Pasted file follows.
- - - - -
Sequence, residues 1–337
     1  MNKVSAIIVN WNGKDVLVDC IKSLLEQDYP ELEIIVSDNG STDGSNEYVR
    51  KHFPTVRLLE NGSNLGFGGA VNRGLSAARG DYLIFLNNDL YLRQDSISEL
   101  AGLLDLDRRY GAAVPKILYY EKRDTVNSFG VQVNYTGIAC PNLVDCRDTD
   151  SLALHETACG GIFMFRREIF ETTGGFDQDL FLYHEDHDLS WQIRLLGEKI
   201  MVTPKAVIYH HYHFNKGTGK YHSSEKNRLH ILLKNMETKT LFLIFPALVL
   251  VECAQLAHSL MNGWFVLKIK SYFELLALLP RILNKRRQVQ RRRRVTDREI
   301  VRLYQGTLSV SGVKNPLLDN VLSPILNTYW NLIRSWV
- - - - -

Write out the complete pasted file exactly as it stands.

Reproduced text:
Sequence, residues 1–337
     1  MNKVSAIIVN WNGKDVLVDC IKSLLEQDYP ELEIIVSDNG STDGSNEYVR
    51  KHFPTVRLLE NGSNLGFGGA VNRGLSAARG DYLIFLNNDL YLRQDSISEL
   101  AGLLDLDRRY GAAVPKILYY EKRDTVNSFG VQVNYTGIAC PNLVDCRDTD
   151  SLALHETACG GIFMFRREIF ETTGGFDQDL FLYHEDHDLS WQIRLLGEKI
   201  MVTPKAVIYH HYHFNKGTGK YHSSEKNRLH ILLKNMETKT LFLIFPALVL
   251  VECAQLAHSL MNGWFVLKIK SYFELLALLP RILNKRRQVQ RRRRVTDREI
   301  VRLYQGTLSV SGVKNPLLDN VLSPILNTYW NLIRSWV